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First, let's dispose of the hypotheticality aspect. The response to Charlie Brumbaugh's Meta question about hypothetical questions was that there is nothing wrong with hypothetical questions, per se.

The glacier question showed TGO at its best. The question, which first asserted, in boldface, that the glacier was unavoidable was clarified under probing by several users as an unavoidable feature on a discretionary recreational hike. Experts on glacier travel then weighed in and agreed that the hike proposed by the OP was too dangerous for a young child. A similar response happened with an earlier question. (At what age (and strength and skill level) these expeditions would have been OK was not addressed.)

Small Digression: The OP is a father proud of his strong, intelligent, skillful daughter and wants to see her become outstanding in the outdoors. I applaud that. (With a father that believes in her and physical confidence from meeting outdoor challenges, she may be better prepared to deal with loathsome creatures that crawl out from under rocks indoors.)

In contrast, I don't think we handled the impalement question as well as we could have. Again, the hypothetical nature is not the problem. A lot of issues were raised in comments, and a user raised a medical red flag, which we ignored. On glacier travel, we listened to our experts; on the impalement question, we did not have that level of expertise. I contributed to the problem: I edited a question on a subject I knew nothing about.

What, if anything, to do? What lesson to take from these questions?

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    Wow, this is a great example of a meta post! Thank you for asking it, and in such a considerate manner! – Sue Nov 4 '17 at 20:33
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Thinking back on it, I think that what should have happened on the impalement question is that it should have been flagged for a moderator to come and move the comments and tell people that if they want to argue about whether or not its on-topic they should take it to meta or chat.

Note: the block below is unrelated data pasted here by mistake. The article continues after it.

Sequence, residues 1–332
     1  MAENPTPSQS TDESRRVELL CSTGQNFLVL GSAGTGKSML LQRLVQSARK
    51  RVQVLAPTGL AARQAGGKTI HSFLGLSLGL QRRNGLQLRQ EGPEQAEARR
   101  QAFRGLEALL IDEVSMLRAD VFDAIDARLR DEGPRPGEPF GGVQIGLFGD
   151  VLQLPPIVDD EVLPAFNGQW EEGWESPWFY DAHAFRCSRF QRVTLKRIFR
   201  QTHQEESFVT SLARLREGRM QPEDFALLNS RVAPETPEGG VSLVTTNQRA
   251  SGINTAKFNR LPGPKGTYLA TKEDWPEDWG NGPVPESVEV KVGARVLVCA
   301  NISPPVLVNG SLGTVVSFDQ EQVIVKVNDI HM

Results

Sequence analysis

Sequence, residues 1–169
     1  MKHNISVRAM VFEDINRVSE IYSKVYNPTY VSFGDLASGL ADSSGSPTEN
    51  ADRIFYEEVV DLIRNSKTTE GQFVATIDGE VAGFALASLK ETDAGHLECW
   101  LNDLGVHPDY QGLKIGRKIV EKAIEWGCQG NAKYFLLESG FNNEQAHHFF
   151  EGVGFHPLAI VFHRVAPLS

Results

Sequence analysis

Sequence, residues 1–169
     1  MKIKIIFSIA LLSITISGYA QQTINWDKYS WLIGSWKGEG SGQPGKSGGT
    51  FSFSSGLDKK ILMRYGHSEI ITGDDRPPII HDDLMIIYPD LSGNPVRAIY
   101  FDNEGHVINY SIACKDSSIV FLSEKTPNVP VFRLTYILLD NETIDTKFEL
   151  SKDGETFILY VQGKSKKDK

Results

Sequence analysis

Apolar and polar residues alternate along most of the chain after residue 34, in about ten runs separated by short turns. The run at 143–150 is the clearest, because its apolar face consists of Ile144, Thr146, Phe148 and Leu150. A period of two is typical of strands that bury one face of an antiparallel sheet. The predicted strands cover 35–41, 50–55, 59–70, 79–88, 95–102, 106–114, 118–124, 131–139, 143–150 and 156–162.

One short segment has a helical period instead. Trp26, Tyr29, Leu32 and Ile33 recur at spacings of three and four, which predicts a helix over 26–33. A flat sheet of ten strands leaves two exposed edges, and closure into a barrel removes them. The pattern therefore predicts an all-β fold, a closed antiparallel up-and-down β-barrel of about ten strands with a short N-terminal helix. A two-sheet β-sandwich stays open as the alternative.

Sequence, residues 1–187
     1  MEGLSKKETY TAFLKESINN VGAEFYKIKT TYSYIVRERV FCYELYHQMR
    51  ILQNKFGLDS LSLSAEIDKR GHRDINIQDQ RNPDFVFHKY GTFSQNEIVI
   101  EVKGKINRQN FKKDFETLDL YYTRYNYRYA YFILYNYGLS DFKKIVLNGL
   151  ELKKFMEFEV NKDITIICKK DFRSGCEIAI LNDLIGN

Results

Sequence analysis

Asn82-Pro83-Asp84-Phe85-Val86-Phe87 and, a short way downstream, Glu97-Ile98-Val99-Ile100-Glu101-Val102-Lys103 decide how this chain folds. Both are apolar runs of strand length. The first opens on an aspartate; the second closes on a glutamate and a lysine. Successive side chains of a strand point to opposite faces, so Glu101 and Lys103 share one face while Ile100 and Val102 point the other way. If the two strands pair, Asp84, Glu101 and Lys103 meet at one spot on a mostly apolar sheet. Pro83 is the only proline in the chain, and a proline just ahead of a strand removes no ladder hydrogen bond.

Basically, a new user happened by and asked a question and it immediately became a flashpoint for a lot of different things including, (from the comments)

  • Does it have to be a real problem (whatever that means) to be on topic?

    From the tour. "Real problems or questions that you’ve encountered."

  • Are hypothetical questions on topic?

    That is why hypothetical questions don't work here.

    Given that it was an actual occurrence and not a contrived "what if" I voted to reopen.

    really bad question (obviously hypothetical and hardly very insightful)

  • Are medical questions on topic?

    So we went from discussing some health questions being on topic or not to this?

  • How much editing is good

    its not up to the people answering to edit or interpret or modify the question to better suit their answer.

Obviously people have opinions on whether those factors make a question off or on topic, and we had discussed at least three of them on meta before hand.

But its not fair to the new user to argue that question out in the comment section of their first question.

It especially not fair because I don't know that anyone could point to preexisting questions or meta posts that would declare the question off-topic.

On the other hand I can find lots of medical and hypothetical and not real questions on the site. I can even find a question where the user who said that this question didn't work because it was hypothetical arguing for this other hypothetical question.

I don't have a problem closing a users first question as off-topic, but we should be able to point to a pre-existing reason for closing it or discuss whether or not its on or off topic elsewhere and then document it on meta.

How would you feel if people told you your first question was off-topic because of reasons that you would only know about if you had been a member of the site for a long time?